Culture At Large

Financial Stewardship

Kim

What is good stewardship of God's financial gifts?

At least in the Christian circles where I travel, money is primarily discussed in terms of charity and tithing. Obviously there is a strong Biblical basis for giving away our money, but this focus on 10% of our incomes begs the question: what about the other 90%? Certainly God is also interested in how we spend the rest of our money, from our daily expenses to our major purchases.

This issue has been on my mind off and on for quite some time, and this recent article in Christianity Today on Christian financial advisers and consumer debt raised some troubling questions. Whereas Christians are often skeptical of many cultural values and trends, apparently we have uncritically bought into our culture's dangerous spending habits and the notion that debt is good. In fact, the author claims that "there is little difference between the amounts that Christians and non-Christians earn, spend, save, charge, or donate to charities."

Of course, many Christians are intentional about spending their money in ways that reflect their religious values. Some time ago, I wrote about boycotts and other campaigns against corporations in response to their un-Christian policies. Sojourners often focuses on how Christians can be responsible consumers; their recent issue on food explores questions of what we spend our money on (organic vs. conventional, locally grown vs. imported foods?) and where we spend it (at large grocery chains, locally owned food co-ops, or farmers' markets?) when it comes to our daily bread.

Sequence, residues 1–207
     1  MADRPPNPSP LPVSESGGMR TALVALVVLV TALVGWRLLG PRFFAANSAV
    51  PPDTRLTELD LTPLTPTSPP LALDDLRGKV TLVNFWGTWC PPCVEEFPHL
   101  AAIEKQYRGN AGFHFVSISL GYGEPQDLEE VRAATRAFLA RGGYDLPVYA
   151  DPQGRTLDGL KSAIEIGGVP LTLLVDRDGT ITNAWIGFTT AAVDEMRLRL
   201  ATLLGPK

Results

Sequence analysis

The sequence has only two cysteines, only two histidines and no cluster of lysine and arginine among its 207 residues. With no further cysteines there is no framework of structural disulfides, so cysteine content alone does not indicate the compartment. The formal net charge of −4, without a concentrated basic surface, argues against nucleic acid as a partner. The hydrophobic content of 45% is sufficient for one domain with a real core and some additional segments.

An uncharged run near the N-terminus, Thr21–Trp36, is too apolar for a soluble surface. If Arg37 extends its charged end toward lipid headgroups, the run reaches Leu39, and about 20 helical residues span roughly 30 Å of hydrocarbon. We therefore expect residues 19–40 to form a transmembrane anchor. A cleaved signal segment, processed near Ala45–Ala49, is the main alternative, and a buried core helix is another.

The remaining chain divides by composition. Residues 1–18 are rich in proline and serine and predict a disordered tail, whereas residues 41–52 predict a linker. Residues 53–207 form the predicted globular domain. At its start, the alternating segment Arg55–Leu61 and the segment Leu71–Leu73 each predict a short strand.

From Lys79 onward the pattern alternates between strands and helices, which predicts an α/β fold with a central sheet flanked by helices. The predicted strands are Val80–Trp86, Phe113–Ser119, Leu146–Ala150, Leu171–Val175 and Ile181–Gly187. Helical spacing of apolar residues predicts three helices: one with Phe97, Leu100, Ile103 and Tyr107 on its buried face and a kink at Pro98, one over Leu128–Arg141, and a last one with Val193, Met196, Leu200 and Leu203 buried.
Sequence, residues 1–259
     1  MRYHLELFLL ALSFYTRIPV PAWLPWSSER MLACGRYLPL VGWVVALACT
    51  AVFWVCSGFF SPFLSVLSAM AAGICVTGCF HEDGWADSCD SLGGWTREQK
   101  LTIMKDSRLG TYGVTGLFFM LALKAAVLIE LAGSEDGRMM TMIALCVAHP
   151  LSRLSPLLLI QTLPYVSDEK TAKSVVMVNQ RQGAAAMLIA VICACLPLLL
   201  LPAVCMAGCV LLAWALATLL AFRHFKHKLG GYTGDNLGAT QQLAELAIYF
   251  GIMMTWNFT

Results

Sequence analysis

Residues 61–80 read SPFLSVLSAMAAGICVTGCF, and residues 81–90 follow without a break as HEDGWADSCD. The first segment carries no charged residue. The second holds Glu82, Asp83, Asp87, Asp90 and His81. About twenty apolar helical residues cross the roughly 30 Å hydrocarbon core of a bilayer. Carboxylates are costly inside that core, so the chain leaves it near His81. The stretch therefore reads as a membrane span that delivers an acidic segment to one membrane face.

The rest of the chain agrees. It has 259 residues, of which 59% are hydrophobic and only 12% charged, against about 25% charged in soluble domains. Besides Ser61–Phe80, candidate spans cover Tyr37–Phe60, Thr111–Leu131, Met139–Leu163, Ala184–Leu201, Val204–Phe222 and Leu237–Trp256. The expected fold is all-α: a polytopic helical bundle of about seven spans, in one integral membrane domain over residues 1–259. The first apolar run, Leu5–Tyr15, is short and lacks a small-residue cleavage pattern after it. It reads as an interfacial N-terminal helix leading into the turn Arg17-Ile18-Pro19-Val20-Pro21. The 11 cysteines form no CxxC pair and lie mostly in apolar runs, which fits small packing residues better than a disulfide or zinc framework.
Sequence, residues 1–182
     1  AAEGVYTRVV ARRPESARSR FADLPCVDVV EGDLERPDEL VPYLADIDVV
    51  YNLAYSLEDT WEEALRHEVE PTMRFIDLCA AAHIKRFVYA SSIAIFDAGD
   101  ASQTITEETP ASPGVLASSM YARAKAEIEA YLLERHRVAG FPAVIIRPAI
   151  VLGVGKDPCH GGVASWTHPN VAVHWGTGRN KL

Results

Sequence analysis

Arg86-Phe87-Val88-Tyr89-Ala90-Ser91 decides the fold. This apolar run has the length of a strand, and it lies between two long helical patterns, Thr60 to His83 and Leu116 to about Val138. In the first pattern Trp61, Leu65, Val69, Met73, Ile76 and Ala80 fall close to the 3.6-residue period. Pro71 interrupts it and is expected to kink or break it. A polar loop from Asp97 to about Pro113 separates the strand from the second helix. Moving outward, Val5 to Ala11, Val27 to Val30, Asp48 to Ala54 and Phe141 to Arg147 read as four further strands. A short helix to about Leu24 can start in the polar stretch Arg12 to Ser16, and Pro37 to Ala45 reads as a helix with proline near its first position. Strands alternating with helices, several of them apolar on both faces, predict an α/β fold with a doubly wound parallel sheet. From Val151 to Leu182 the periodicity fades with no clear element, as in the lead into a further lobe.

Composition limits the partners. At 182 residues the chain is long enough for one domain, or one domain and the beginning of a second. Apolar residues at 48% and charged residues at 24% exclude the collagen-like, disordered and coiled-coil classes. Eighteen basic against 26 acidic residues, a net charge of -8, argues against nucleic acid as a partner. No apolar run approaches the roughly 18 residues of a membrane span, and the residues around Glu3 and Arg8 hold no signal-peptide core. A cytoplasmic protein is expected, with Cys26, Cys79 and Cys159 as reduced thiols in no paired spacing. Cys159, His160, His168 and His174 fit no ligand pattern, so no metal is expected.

A more radical and challenging example is that of the Iona Community in Scotland. Within the community, small family groups challenge the notion that the financial is purely private and agree that members will be accountable to one another in the way they spend their income. In their philosophy, Christ is Lord of all, including personal finances, and Christians can seek God's will not just in our tithing, but in how we, say, budget for groceries, or spend money on entertainment, or pay for Christmas presents.

Are there other ways we can think about personal financial decisions in the light of our faith?

Topics: Culture At Large, Theology & The Church, Faith, News & Politics, Social Trends